ENTERTAINMENT

My baby heartache changed history


The worst thing for Amy Dunne is that she never saw her daughter's face. "I couldn't at the time. I had a choice and just couldn't do it. I stood next to the bed and touched her fingers and toes, but she was never in my arms and the blanket covered her face.

"I remember seeing the priest holding her to give her a blessing and being bitter and jealous that he was holding my baby. I think maybe I even knew at the time that I would be angry for the rest of my life because I was never allowed to see my child. "

Her firstborn Jasmine was born in Liverpool, but is buried in a cemetery near her home in Drogheda, north of Dublin. There was no birth or death certificate because Jasmine never took a breath. Officially, it never existed. Amy never forgot her.

"The coffin where she came back from Liverpool was too small to have a crucifix, which I wanted," explains Amy. "So they had to put it in a bigger one. I remember sitting in the big black car with my boyfriend and we were so worried about any bumps on the road.

30-year-old Amy Dunne (pictured), who made headlines about Ireland's abortion laws in 2007, remembers that she was at the center of a legal storm at the age of 17

"I couldn't stop myself from thinking that she was being hurled and injured. I know that is a bit silly, but I couldn't stand it. My friend broke to pieces in this car."

Amy was only 17 years old at the time, but she was known in the headlines all over the world as Miss D, the teenage girl whose pregnancy led to an extraordinary lawsuit and which drew international attention to Ireland's then inhuman abortion laws.

Amy was faced with a terrible situation: she was carrying a baby that doctors said could not survive after birth, but was legally prevented from having an abortion. Access to one meant taking legal action – and leading a number of demonstrators shouting "murderers" on the steps of the court.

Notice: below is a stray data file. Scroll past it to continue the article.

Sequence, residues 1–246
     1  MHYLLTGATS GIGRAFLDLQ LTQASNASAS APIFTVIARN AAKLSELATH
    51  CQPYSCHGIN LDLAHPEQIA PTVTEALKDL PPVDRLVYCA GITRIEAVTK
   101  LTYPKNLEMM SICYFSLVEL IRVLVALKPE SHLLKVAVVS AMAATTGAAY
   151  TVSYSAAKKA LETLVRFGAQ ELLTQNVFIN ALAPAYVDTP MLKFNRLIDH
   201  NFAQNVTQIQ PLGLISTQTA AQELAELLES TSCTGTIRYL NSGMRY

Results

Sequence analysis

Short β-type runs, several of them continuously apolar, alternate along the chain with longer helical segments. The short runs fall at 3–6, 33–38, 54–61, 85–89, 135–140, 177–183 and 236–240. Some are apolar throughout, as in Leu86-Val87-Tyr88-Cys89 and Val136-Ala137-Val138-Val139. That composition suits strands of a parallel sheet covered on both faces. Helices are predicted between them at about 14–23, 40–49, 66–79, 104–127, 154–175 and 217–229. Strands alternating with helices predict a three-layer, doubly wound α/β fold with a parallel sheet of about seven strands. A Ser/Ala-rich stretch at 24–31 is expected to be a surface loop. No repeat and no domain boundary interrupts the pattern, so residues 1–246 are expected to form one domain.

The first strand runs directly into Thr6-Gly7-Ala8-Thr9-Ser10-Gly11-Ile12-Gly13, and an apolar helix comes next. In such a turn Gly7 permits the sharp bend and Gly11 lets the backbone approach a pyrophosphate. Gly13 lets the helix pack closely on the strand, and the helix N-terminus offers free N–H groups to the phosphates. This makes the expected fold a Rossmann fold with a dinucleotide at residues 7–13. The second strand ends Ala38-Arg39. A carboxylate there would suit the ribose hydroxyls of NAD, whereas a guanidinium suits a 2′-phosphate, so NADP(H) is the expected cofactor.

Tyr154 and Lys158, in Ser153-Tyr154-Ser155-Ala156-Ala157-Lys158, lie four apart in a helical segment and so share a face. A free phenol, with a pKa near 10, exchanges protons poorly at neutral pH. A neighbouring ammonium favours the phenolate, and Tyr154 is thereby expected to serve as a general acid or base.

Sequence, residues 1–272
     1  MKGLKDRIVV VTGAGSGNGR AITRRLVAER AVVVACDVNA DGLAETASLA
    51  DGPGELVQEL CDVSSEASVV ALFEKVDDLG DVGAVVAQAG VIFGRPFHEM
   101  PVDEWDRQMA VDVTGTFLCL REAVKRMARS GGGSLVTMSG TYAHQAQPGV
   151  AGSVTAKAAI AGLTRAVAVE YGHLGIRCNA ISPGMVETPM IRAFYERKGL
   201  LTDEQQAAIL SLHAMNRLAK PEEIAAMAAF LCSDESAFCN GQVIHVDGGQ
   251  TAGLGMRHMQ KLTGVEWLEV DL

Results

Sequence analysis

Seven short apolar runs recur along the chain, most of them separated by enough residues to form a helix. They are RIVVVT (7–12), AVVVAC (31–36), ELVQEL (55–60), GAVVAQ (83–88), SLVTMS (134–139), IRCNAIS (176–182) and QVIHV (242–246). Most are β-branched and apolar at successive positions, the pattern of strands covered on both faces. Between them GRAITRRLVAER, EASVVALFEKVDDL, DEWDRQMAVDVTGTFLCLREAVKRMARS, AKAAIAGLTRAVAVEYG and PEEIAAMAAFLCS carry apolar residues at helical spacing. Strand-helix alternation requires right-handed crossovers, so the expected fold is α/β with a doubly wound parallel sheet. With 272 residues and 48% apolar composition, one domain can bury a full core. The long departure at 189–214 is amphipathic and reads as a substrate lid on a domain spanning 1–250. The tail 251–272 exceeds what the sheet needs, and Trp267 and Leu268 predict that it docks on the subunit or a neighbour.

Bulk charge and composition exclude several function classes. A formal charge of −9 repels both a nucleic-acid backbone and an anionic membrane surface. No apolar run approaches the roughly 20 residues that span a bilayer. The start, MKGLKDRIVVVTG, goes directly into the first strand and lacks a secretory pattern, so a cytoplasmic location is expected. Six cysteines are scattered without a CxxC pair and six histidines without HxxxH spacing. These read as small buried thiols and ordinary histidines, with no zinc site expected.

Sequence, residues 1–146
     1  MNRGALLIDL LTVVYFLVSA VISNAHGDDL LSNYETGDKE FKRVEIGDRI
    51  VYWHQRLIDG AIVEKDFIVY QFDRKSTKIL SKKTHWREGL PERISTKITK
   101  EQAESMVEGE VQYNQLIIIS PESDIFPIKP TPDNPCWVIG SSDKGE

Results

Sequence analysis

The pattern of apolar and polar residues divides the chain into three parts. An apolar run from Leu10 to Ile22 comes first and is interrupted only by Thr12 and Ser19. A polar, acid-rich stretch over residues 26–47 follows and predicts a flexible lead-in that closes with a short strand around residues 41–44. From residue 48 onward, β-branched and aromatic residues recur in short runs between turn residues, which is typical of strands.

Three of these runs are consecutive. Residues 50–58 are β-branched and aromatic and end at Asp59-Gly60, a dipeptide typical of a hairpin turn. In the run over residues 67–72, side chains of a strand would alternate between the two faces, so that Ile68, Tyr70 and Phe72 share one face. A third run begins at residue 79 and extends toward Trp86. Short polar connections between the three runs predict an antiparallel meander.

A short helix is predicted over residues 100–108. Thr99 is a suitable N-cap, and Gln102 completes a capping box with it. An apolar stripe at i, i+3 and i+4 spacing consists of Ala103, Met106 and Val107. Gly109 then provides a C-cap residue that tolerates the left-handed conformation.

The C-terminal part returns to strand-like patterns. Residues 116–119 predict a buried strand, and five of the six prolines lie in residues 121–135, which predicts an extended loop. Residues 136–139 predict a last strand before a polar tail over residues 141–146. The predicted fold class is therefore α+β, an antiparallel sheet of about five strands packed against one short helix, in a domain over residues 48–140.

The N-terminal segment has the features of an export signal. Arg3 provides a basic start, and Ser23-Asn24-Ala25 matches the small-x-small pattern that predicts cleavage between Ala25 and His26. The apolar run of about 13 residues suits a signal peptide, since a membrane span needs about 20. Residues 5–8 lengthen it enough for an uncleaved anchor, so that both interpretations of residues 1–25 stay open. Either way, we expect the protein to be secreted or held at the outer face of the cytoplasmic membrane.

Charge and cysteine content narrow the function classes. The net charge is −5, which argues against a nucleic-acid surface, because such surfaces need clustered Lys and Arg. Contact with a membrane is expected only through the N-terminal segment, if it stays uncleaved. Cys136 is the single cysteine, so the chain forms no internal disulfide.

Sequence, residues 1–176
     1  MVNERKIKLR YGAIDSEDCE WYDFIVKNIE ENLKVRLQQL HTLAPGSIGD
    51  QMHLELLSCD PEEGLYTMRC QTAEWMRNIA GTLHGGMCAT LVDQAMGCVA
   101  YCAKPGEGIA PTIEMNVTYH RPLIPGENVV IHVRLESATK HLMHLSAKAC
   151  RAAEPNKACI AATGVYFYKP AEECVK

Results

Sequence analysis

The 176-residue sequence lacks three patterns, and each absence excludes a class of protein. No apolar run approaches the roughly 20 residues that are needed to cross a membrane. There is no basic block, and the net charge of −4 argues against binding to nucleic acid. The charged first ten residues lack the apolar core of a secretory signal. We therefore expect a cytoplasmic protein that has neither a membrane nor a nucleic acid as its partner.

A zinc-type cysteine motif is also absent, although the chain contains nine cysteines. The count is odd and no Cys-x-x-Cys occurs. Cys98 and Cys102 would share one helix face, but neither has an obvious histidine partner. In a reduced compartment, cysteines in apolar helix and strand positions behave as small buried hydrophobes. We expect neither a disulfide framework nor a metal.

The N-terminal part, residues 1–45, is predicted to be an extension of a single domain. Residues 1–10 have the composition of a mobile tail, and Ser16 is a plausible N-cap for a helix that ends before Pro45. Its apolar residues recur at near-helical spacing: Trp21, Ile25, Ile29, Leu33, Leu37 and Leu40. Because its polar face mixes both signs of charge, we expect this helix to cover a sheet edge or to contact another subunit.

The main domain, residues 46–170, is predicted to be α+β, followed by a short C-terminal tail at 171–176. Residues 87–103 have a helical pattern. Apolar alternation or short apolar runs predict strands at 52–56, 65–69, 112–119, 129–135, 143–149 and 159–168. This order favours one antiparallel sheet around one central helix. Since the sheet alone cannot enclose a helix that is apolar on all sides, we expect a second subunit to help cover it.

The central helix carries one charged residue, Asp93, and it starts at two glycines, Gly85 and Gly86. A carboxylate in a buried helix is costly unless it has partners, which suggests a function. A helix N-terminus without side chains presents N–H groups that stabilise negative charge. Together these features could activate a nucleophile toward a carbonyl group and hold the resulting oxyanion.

A story from the dark age? Yes and no.

Thirteen years later, and thanks in part to the campaign work of Amy and others like her, no young woman should ever be in such a situation again.

Abortion has been legal in the Republic of Ireland for a year. However, in Northern Ireland – one of the last regions in Western Europe to be banned – things are cloudy. Although the UK Parliament voted to legalize abortion in Northern Ireland and the law was effectively amended on March 31 this year, local political problems have left gaps in care.

Minister of Health Robin Swann has been accused of using the pandemic to halt the process on his own grounds.

Amy, who became pregnant two months after losing her first baby, said women should have access to an abortion if they are under 12 weeks pregnant. Pictured: Pro Choice activists dress up as characters from The Handmaid & # 39; s Tale at a protest in Dublin

Amy, who became pregnant two months after losing her first baby, said women should have access to an abortion if they are under 12 weeks pregnant. Pictured: Pro Choice activists dress up as characters from The Handmaid & # 39; s Tale at a protest in Dublin

"Choking is a shame because time is of the essence when it comes to abortion," says Amy. “Scared women who need help are still in situations they shouldn't be. We may have moved on on paper, but not enough. According to the law, women should now have access to an abortion as long as the pregnancy is under 12 weeks. The fact that people are still debating it means that there is still a question mark there. It is still a gray area and it shouldn't be. "

Amy is now 30 and works as a promotional model. She is intelligent, articulated and informed. She is also a mother and became pregnant with her 12-year-old son Adam, just two months after losing her first baby.

"I always took him to Jasmine's grave, but he always only knew her as Princess Jasmine. I never used the word" daughter ". But one day one of his friends was with us – everyone here knows what happened – and spoke of Jasmine being Adam's sister, which confused him.

"I told him part of the story, obviously not the whole story, but I'll have to do that someday."

Amy's pregnancy at just 16 was no accident. It was planed. "I wanted a baby. I wanted to love someone who would love me. I loved my boyfriend. I wanted us to be a family. "

Amy discovered that her firstborn had a fatal anomaly that would cause her to die shortly after birth during her 12-week scan. Pictured: Amy with her mother

Amy discovered that her firstborn had a fatal anomaly that would cause her to die shortly after birth during her 12-week scan. Pictured: Amy with her mother